A child’s tonsils and adenoid are part of their bodies’ defense system against infections. Tonsils are pink, oval shaped tissue masses on either side of the throat. Tonsillitis occurs when the tonsils become inflamed, normally caused by infection.
What Are the Symptoms of Tonsillitis?
Your child’s tonsillitis may cause:
- Swollen, red tonsils
- Yellow or white coating over the tonsils
- A sore throat
- A deep or raspy voice
- Swollen lymph nodes in the neck
- Painful or uncomfortable swallowing
How is Tonsillitis Diagnosed?
Your child’s ear, nose and throat specialist will begin by doing a physical examination of your child. It will include looking into the throat area, as well as the nose and ears, where infection may also be present. They may also check for a rash called “scarlatina”, which would indicate the presence of a strep infection. Also called scarlet fever, a disease caused by infection with group A streptococcal bacteria that occurs in a small proportion of people with strep throat.
The strep bacteria produces a toxin that causes a rash that appears 1 to 2 days after the onset of illness. The rash initially appears on the neck and chest, then spreads over the body. Typically the rash begins as small red macules which gradually become elevated. The redness fades over a few days and the patient is left with a rough sandpaper feeling rash. While the rash is still red the patient may develop what are called Pastia’s lines, bright red coloration of the creases under the arm and in the groin. The rash usually lasts for 3 days. As the rash fades, peeling may occur around the finger tips, toes, and groin area.
Your ear, nose and throat specialist may also palpate your child’s neck, checking for swollen glands, they may take a throat swab.
During a throat swab, the doctor will rub a sterile swab over the back part of your child’s throat, picking up a secretion sample. This sample can be checked for streptococcal bacteria. Initial testing results are ready from a laboratory after one to two days.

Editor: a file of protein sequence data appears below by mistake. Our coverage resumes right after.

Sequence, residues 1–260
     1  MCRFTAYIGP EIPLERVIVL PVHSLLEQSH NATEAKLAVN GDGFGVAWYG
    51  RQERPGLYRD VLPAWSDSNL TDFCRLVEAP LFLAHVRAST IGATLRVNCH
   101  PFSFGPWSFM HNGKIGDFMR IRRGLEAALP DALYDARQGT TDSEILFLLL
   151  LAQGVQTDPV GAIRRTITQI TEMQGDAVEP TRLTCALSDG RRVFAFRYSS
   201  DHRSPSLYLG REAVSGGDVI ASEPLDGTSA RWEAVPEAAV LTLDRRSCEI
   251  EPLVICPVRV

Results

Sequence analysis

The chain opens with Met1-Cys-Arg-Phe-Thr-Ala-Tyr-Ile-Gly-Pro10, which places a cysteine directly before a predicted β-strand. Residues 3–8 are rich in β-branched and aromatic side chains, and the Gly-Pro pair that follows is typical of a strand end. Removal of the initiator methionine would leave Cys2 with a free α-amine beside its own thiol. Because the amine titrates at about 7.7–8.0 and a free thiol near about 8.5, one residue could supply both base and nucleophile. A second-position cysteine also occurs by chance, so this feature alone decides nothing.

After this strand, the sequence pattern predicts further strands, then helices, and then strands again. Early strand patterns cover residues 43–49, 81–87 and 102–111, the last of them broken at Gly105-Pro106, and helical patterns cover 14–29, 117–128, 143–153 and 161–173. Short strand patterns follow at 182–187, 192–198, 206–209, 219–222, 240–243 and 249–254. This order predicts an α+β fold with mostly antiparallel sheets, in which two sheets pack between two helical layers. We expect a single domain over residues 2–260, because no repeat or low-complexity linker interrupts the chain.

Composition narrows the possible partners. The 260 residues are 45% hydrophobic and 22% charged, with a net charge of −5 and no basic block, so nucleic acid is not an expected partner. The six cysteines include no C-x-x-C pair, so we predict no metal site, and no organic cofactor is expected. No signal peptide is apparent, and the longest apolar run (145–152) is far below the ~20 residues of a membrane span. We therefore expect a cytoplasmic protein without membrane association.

If the test comes back as positive, it is likely that your child has a bacterial infection. If it comes back as negative, your child may have a viral infection. Your child’s doctor may wait for the test to determine the actual infection cause.
Caring for a Child with Tonsillitis at Home
Regardless of the cause of your child’s tonsillitis, you can take care at home to promote a speedy recovery and help your child remain more comfortable. Encouraging rest will help your child to recover in addition, give lots of fluids to keep the throat moist and prevent dehydration. Warm liquids like warm water and honey or broth and cold treats like icy poles will help in soothing sore throats. Gargling with salt water may also help.
Using a cool-air humidifier will prevent dry air irritating an already-sore throat. Older children can suck lozenges, too. Treat fever and pain with ibuprofen or acetaminophen
It is important to not use cleaning products or smoke near your child while they have a sore throat as this can aggravate their symptoms.
Tonsillitis Caused by Bacterial Infection
If a bacterial infection is the cause of your child’s tonsillitis, their physician or ear, nose and throat specialist will prescribe antibiotics. Be sure that your child takes the entire course of antibiotics, even if they feel better after a few days. This will lessen the chance of the infection worsening or having it spread to other areas..
When is Surgery Required?
A tonsillectomy, or surgery to remove the tonsils, will be recommended if your child has tonsillitis that recurs frequently or if medical management is not effective. Tonsillectomies are commonly performed and safe procedures. If your child does need surgery, be sure they know what to expect, so that they will be well prepared. By talking to your child about having their tonsils out and explaining what is involved, you will help them to go through the process with a greater sense of control.
If you have questions about tonsillitis contact your local doctor, who will arrange for you to see an Ear Nose Throat Specialist.
Click here to find out more about tonsillectomy in children.